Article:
There’s a certain strain of magical thinking that only the chronically ill can indulge in. It’s the idea that even diseases medically-known to be incurable will go away if we just pretend we’re healthy. Our mass media and popular culture encourage this delusion. It is akin to the belief among those on the bottom rung of the economic ladder – or even among the middle class – that to be more successful you just have to project an image of success (embodied most memorably for me by Annette Bening playing Mrs. Lester Burnham in the 1999 film “American Beauty,” who adopted the mantra “I will sell this house today!” in an effort to grow her real estate business). I practiced that for years (somewhat out of necessity – since I had no health insurance, and everyone knows you shouldn’t worry about things you can’t do anything about, right?), refusing to even talk about Crohn’s Disease, particularly about my painful and embarrassing symptoms. Then someone suggested that all aspiring (or – less charitably – failed) writers have blogs these days, even if only for the practice. So was born this passage that you are reading right now, and many others, in which I discuss my illness ( actually illnesses, since I’m also certifiably Bipolar). I’m not sure if I’m suddenly not afraid to write about it because I realize that a blog is like playing to an unimaginably huge room while the vast majority of the seats are empty, or because I’m older and (perhaps) less self-conscious in general. But I digress. The point is that I finally realized that you don’t get well just by acting well. I have Medicaid now, and I’m being treated with the newest medications for (in this case) Crohn’s, so I haven’t been hospitalized for almost a-year-and-a-half. I still don’t discuss my symptoms with most people, since, once you start waxing eloquently on the drawbacks of constant diarrhea there’s really nowhere for the conversation to go (even if there is somewhere for you to go nearby – and there’d better be ). That said, even writing about it in the midst of this vast blog-o-spherical sea isn’t easy. It can make you feel pitied, even if you’re not. It can give you the feeling that you’ve invaded your own privacy somehow. Not that there is such a thing as privacy anymore (how quaint!)… I don’t think anyone is naïve enough to believe that. People don’t seem to even want what used to be called a ” private life;” apparently they’re lining up in Cyberland to click away their right to privacy, entrusting it to people and companies known to be unworthy of that trust: yes, I’m talking to you Mark Zuckerberg. Personally I don’t do Facebook: it bores me, and I think it’s mainly for children, adolescents, and advertisers. I also may be the only person in America who has never tweeted anything, since I don’t feel the need to broadcast my text messages, and (as I’ve said before) I have never aspired to be or to have a ‘follower.’ Also, I’m not selling anything, and that has undeniably become the raison d’etre of ‘social’ media. But I digress. I’ve been living mostly on generic Ensure Plus, and that alone improves my condition considerably. The only fly in that nutritious ointment is this simple fact: liquid in, liquid out. So for the past few days I’ve rarely ventured far from the comfort and safety of my own bathroom. I can OD on Imodium and take a relatively long bus ride, if necessary. I just can’t – on many days – eat or drink anything until I get home. Try going through your day without refueling or rehydrating at some point while out of the house. It sucks. It majorly sucks, as the kids (used to) say. So I’m griping about it in the only way that I know of that probably won’t annoy or disgust anybody: digitally. When your body becomes the enemy, the mind can be your best friend. And it’s practice. For what I don’t know (yet).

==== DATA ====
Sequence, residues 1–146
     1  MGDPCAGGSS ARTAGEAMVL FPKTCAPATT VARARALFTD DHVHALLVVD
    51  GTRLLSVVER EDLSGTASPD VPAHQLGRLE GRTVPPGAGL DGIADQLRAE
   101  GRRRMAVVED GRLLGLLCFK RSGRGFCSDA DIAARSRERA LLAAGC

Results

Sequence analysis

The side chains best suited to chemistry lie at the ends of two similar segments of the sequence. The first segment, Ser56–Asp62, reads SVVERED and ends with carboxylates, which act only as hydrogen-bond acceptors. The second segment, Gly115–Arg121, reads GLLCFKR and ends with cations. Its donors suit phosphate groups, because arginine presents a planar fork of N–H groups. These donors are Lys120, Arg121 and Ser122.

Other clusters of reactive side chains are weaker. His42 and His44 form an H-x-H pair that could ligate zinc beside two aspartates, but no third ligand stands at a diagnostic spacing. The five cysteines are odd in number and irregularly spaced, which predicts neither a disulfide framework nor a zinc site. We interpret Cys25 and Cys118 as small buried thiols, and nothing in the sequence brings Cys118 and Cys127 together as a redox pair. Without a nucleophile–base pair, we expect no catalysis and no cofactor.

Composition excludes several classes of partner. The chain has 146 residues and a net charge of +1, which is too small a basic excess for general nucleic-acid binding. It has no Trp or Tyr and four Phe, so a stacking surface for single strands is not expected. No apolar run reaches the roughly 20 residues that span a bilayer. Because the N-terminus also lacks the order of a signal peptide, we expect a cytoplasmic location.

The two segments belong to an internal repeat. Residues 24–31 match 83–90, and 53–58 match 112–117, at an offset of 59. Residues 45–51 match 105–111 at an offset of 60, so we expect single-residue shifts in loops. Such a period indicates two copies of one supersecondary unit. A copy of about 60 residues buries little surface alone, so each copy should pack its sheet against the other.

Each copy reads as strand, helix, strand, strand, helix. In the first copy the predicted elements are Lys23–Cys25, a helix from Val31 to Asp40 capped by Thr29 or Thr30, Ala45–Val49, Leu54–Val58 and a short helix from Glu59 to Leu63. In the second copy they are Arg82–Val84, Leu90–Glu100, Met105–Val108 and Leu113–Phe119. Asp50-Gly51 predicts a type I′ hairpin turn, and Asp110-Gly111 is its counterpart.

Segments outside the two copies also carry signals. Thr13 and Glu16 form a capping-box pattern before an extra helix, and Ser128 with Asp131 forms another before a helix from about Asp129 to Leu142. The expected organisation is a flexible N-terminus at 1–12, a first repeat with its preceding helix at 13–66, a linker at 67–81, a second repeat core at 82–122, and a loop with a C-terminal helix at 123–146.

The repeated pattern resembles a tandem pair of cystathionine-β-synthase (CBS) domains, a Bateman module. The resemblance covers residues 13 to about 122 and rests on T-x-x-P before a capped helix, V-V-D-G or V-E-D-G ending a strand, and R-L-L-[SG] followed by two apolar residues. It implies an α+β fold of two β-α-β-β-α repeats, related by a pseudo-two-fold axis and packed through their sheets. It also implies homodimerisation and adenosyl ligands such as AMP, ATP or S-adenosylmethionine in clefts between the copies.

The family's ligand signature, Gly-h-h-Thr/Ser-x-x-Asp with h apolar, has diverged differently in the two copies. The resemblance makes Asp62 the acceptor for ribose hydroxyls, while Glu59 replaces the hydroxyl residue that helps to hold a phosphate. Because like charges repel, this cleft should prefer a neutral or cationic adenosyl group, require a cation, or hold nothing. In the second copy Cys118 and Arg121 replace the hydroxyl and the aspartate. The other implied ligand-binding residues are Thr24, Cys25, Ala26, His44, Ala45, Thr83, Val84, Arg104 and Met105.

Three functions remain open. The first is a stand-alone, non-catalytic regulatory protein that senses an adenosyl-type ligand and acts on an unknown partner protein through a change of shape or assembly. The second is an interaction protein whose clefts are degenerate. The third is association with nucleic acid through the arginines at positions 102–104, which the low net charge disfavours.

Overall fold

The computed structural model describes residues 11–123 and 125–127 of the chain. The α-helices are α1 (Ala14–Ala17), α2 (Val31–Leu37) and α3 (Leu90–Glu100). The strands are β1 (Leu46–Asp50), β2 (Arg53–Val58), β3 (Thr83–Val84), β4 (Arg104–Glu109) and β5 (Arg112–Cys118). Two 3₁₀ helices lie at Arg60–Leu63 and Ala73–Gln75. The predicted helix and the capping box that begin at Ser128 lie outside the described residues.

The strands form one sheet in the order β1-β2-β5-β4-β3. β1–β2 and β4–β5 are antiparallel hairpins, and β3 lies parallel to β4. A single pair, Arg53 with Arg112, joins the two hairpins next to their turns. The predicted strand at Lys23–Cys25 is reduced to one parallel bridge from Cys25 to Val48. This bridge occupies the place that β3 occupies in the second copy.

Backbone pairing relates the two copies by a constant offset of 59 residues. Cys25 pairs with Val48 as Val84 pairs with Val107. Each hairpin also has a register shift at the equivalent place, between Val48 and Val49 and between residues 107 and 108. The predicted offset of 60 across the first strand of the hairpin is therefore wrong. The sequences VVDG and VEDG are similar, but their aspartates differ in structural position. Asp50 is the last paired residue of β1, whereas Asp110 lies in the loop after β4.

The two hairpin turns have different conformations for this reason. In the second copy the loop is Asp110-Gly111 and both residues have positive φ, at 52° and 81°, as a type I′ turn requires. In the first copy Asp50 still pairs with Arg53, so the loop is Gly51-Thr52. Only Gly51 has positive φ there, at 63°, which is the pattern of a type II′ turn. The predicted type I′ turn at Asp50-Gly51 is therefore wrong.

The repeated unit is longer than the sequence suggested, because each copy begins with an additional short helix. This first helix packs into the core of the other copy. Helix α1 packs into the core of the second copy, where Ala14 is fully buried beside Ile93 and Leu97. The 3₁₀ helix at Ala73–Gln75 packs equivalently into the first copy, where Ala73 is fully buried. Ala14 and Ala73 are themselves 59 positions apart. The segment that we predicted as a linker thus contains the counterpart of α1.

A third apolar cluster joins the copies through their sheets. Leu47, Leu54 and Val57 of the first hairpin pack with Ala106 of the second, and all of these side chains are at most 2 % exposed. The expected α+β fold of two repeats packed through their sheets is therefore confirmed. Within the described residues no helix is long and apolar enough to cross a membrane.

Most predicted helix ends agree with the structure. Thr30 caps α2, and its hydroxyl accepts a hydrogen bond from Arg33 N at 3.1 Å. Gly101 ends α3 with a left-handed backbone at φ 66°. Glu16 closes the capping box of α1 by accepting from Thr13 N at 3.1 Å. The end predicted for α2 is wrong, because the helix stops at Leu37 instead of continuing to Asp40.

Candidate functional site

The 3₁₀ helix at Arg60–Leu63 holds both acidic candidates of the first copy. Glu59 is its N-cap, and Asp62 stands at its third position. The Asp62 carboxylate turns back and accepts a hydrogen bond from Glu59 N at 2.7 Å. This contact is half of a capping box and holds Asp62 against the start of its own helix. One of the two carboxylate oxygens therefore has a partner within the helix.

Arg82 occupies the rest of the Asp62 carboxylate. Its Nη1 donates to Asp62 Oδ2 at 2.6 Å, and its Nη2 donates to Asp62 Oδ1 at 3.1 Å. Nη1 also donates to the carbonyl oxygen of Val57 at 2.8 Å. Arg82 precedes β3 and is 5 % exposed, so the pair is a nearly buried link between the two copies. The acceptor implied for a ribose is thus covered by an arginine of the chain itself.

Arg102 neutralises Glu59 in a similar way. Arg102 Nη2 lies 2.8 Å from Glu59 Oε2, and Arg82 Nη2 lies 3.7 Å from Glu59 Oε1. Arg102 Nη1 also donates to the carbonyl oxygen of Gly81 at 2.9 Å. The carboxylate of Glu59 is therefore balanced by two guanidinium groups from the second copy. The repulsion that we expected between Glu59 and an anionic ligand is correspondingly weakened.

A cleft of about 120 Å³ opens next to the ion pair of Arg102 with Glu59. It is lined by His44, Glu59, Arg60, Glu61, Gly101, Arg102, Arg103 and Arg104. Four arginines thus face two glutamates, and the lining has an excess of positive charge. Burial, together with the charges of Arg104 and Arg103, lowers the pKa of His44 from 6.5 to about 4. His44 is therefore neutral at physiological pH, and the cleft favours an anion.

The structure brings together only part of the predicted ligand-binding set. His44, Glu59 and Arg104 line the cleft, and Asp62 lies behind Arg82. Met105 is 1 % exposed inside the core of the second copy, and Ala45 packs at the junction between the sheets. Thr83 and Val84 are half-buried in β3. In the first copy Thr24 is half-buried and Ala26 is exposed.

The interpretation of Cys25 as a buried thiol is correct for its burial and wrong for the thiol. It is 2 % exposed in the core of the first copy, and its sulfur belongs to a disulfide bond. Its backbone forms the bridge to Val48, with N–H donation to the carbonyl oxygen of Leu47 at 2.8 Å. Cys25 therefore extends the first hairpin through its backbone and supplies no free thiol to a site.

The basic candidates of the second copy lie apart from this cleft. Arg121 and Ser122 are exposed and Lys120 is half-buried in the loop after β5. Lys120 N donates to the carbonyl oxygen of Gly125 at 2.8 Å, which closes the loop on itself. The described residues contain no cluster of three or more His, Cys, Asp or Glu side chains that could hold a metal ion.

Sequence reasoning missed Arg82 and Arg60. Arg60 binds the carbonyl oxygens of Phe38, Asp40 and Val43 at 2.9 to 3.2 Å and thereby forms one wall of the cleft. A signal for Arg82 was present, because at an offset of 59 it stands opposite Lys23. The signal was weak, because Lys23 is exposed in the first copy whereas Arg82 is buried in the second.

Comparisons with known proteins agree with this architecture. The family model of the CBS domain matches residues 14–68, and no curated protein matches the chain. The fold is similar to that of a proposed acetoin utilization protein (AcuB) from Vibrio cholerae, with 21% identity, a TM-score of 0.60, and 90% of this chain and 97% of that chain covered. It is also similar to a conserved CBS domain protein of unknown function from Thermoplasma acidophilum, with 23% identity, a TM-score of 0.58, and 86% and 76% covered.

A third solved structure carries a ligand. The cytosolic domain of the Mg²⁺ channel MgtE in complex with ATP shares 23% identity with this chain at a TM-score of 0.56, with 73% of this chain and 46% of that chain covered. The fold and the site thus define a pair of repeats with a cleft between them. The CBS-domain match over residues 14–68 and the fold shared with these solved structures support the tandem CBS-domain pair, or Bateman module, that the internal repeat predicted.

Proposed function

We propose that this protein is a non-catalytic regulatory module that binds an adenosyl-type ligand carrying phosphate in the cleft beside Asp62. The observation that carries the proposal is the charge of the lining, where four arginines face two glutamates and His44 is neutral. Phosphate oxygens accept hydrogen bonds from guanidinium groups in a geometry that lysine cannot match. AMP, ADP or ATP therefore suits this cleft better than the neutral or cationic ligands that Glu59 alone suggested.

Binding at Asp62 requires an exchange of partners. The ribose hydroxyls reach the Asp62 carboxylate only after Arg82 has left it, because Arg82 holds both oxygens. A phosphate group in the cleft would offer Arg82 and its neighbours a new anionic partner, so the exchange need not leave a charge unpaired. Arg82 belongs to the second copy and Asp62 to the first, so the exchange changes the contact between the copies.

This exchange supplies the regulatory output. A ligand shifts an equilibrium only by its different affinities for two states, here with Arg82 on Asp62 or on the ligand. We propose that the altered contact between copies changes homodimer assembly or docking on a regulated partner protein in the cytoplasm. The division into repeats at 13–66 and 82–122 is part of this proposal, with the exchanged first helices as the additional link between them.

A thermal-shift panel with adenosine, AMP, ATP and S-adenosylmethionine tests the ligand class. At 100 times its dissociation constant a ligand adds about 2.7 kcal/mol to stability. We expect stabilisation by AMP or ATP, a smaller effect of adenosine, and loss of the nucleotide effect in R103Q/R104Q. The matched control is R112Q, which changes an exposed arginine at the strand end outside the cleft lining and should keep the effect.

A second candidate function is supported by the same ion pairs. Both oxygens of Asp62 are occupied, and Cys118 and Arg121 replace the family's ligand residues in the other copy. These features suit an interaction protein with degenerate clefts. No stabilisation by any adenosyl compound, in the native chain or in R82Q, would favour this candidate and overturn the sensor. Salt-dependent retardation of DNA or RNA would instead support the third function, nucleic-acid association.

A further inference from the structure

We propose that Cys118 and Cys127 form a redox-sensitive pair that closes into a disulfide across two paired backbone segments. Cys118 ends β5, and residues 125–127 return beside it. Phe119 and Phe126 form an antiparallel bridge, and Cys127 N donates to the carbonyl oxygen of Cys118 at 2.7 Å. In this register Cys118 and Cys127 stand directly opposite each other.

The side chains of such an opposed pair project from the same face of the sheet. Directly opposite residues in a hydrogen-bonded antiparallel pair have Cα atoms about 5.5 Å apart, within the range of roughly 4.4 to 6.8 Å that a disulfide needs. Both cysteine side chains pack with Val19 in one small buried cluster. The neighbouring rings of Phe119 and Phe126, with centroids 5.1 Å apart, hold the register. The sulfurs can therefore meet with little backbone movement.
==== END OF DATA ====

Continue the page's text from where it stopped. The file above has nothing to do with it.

- another shitty day (literally) (ghostlizard.wordpress.com)
- What are the side effects of crohn’s diseases treatment (wiki.answers.com)
- Complications of Crohn’s Disease (everydayhealth.com)
- Crohn’s still sucks… (ghostlizard.wordpress.com)
- When to Talk About Crohn’s Disease (everydayhealth.com)
- Battling Depression in Crohn’s Disease (everydayhealth.com)
What if this were you? This reminded me of why I started skipping school in the eighth grade.
Happy Tuesday, or whatever day you read this.
that is the digestion. Whether ’tis nobler in the gut to suffer the inflammation of outrageous misfortune, or to blow chunks against a sea of troubles and by so blowing end them. To hurl, to sleep”…” to sleep – perchance to dream : ay, there’s the rub, for in that vomit-sleep what dreams may come when we have gurgled up this mortal bile, must give us nausea.” Or something like that. Okay, okay… so it ain’t Shakespeare, but if Hamlet had had Crohn’s and gave his soliloquy while sitting on his porcelain throne, holding a double-lined wastebasket in front of his mouth (just in case), and emptying the contents of his entrails spasmodically between lines…well I, for one, would definitely have identified with him more. That really blows. Chunks. Like I just did. I’ll spare you the details (or is it too late for that already?). Suffice it to say that one can be too thin (if not too rich – how would I know?) but one can never have too much toilet paper. Seriously, ever.